Israel tells UK and EU to drop ‘absurd’ backing for Iran nuclear deal
The Israeli prime minister, Benjamin Netanyahu, has urged Britain and other EU states to end what he described as their “outrageous and absurd” support for the Iran nuclear deal.
In talks in Jerusalem with Netanyahu and the Israeli foreign minister, Gabi Ashkenazi, the UK foreign secretary, Dominic Raab, found himself under pressure over Britain’s decision to oppose the planned US “snapback”, or reinstatement, of all sanctions on Iran.
The US, with the support of Israel and the Gulf states, wants to ensure that a UN conventional arms embargo is not lifted in October as set out in the Iran nuclear deal signed in 2015.
The recent agreement between Israel and the United Arab Emirates to normalise relations was in part driven by a joint animus towards Iran, but the UK has refused to abandon the nuclear agreement partly in the hope that it can renegotiated and revived after the US elections in November.
Raab also met the US secretary of state, Mike Pompeo, in Jerusalem on Monday night where the British were again tackled over their support for the Iran deal.
The timing made for an awkward backdrop for the two-day visit to Jerusalem by Raab, who has always prized close relations with the US, Israel and the United Arab Emirates.
Raab welcomed the rapprochement between Israel and the UAE as an important moment, especially since it includes an agreement by Netanyahu to suspend plans to annex the West Bank, seen by the British as a threat to a negotiated two-state solution.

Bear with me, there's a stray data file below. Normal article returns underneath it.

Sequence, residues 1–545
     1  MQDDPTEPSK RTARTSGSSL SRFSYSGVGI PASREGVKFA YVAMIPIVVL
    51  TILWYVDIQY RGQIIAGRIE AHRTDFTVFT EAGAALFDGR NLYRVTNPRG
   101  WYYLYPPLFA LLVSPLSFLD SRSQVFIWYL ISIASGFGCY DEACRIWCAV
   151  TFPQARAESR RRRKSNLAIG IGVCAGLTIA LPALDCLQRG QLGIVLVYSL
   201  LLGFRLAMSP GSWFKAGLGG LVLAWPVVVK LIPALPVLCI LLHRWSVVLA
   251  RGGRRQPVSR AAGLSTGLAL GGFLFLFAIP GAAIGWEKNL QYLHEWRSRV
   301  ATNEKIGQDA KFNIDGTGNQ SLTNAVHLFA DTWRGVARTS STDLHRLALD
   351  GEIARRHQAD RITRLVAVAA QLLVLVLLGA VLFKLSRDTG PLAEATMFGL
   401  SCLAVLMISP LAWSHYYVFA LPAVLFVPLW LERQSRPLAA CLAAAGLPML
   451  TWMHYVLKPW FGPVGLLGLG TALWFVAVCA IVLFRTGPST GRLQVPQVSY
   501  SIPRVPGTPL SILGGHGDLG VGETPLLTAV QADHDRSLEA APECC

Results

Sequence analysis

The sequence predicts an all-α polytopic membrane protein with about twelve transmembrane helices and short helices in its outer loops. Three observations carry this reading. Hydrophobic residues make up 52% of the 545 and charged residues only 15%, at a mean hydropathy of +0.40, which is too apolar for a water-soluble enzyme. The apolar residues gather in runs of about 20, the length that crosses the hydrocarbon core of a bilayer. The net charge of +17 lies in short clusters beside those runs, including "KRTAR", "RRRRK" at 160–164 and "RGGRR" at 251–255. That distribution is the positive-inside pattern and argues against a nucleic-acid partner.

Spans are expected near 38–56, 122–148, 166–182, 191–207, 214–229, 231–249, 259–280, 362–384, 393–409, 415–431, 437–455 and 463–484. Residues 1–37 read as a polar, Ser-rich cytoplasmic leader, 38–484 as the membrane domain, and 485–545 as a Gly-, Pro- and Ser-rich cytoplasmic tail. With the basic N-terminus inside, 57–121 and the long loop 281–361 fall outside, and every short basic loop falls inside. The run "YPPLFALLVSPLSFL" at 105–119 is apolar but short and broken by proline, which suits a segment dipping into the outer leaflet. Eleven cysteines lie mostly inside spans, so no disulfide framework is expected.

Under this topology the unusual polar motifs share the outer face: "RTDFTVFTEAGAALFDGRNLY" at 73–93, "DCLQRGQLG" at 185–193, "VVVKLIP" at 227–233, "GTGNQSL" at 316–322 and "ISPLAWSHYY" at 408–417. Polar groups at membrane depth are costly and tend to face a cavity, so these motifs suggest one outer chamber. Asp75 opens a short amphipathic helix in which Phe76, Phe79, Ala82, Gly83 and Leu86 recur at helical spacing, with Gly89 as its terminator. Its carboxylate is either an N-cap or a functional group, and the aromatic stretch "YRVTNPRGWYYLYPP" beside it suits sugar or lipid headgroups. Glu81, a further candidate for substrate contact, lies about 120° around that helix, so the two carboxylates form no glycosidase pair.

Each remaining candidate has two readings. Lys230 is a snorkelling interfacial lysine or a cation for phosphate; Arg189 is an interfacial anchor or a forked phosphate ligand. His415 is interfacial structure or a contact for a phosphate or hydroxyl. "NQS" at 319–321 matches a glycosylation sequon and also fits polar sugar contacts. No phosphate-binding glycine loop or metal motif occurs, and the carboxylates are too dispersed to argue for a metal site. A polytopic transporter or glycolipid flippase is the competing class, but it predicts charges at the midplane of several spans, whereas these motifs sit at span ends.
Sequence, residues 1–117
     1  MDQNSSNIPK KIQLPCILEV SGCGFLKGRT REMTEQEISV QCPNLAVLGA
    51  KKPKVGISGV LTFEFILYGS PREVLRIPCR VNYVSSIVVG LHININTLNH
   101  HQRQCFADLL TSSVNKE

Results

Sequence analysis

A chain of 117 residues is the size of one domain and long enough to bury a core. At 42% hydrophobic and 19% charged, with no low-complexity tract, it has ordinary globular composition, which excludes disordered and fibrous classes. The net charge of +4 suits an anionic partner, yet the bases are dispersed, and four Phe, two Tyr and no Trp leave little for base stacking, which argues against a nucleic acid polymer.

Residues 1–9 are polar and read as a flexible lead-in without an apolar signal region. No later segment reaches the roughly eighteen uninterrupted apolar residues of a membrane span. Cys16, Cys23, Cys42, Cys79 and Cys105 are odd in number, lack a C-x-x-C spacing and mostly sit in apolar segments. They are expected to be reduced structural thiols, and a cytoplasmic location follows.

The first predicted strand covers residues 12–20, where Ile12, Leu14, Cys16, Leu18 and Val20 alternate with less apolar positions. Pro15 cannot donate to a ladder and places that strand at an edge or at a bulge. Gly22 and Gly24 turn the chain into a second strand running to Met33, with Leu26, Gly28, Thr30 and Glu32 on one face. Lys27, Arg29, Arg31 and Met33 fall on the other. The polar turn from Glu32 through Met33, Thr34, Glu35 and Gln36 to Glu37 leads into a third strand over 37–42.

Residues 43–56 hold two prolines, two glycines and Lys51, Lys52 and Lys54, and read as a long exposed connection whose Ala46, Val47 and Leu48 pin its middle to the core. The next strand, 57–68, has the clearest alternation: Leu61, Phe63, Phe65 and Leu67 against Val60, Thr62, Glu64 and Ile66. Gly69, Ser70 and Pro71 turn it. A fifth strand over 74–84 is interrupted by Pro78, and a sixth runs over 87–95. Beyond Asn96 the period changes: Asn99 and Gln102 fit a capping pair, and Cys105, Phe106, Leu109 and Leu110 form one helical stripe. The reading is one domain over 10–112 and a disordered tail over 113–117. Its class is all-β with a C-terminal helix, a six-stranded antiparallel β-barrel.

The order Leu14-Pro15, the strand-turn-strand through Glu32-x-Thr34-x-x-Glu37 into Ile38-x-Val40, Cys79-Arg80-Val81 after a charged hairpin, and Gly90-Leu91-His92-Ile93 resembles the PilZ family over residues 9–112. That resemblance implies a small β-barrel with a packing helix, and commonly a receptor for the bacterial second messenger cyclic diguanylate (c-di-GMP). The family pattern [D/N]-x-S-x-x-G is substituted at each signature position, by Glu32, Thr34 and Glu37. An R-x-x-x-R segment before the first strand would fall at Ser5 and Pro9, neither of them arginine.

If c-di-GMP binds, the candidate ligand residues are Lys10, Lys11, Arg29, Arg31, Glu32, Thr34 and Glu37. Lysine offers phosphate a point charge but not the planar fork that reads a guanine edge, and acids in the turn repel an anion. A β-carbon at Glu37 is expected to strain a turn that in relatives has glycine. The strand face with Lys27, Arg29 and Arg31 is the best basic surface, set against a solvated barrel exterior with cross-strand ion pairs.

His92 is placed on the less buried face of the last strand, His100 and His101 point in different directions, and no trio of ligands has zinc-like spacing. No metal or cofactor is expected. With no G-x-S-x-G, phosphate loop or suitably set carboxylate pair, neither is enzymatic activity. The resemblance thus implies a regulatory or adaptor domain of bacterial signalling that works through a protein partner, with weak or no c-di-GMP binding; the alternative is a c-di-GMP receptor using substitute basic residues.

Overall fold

The agreement has also been criticised for potentially making it harder to negotiate a comprehensive peace settlement since Israel will feel under even less exterior pressure to negotiate with the Palestinians.
Raab later travelled to Ramallah where he will meet the president of the Palestinian Authority, Mahmoud Abbas.
Raab said: “Israel’s suspension of annexation is an essential step towards a more peaceful Middle East. It is important to build on this new dynamic, and ultimately only the government of Israel and the Palestinian Authority can negotiate the two-state solution required to secure lasting peace.”
Ashkenazi said after his meeting with Raab: “We were disappointed to see our friends, the E3 countries [UK, Germany, France], not voting to extend the arms embargo on Iran and thus prevent its adoption.”
The Israeli foreign minister said that when it came to Iran some UN security council members were undermining world security.
“The E3 must understand that genuine opposition to Iranian aggression and concern for the security of the region can not only be heard in statements but must also be seen in action,” he said.
Ashkenazi pointed out that Iran’s response to the announced normalisation between the United Arab Emirates and Israel was to threaten the UAE with an attack.
Netanyahu, who met Raab later, had described the EU decision as “absurd and outrageous”.
The US last Thursday invoked “snapback sanctions”, which are meant to automatically extend the embargo without the support of the security council. The E3, Russia and China wrote letters to the UN secretariat saying the US does not have the right to do so, because it left the the Iran deal in 2018.
Meanwhile, in Tehran, Rafael Grossi, the director general of the UN’s nuclear weapons inspectorate, the International Atomic Energy Agency, met Iranian officials to discuss improved access for his inspectors to Iran’s nuclear sites. The talks, separate to lifting to the UN conventional arms embargo, have centred on IAEA access to two Iranian nuclear sites that have been blocked for months. The talks appeared to have made progress.